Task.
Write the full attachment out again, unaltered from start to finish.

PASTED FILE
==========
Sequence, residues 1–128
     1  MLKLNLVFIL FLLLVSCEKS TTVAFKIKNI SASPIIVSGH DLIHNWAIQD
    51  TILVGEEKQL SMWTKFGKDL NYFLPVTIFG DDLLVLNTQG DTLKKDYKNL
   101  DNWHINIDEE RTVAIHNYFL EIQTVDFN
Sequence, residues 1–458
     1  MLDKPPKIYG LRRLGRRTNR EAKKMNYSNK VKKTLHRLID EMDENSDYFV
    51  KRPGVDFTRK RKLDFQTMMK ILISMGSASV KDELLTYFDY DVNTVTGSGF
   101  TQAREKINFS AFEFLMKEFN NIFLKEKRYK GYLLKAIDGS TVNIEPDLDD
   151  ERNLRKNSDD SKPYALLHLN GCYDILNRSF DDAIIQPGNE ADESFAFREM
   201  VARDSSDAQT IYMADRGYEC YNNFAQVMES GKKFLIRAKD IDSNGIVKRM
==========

Sequence, residues 1–128
     1  MLKLNLVFIL FLLLVSCEKS TTVAFKIKNI SASPIIVSGH DLIHNWAIQD
    51  TILVGEEKQL SMWTKFGKDL NYFLPVTIFG DDLLVLNTQG DTLKKDYKNL
   101  DNWHINIDEE RTVAIHNYFL EIQTVDFN
Sequence, residues 1–458
     1  MLDKPPKIYG LRRLGRRTNR EAKKMNYSNK VKKTLHRLID EMDENSDYFV
    51  KRPGVDFTRK RKLDFQTMMK ILISMGSASV KDELLTYFDY DVNTVTGSGF
   101  TQAREKINFS AFEFLMKEFN NIFLKEKRYK GYLLKAIDGS TVNIEPDLDD
   151  ERNLRKNSDD SKPYALLHLN GCYDILNRSF DDAIIQPGNE ADESFAFREM
   201  VARDSSDAQT IYMADRGYEC YNNFAQVMES GKKFLIRAKD IDSNGIVKRM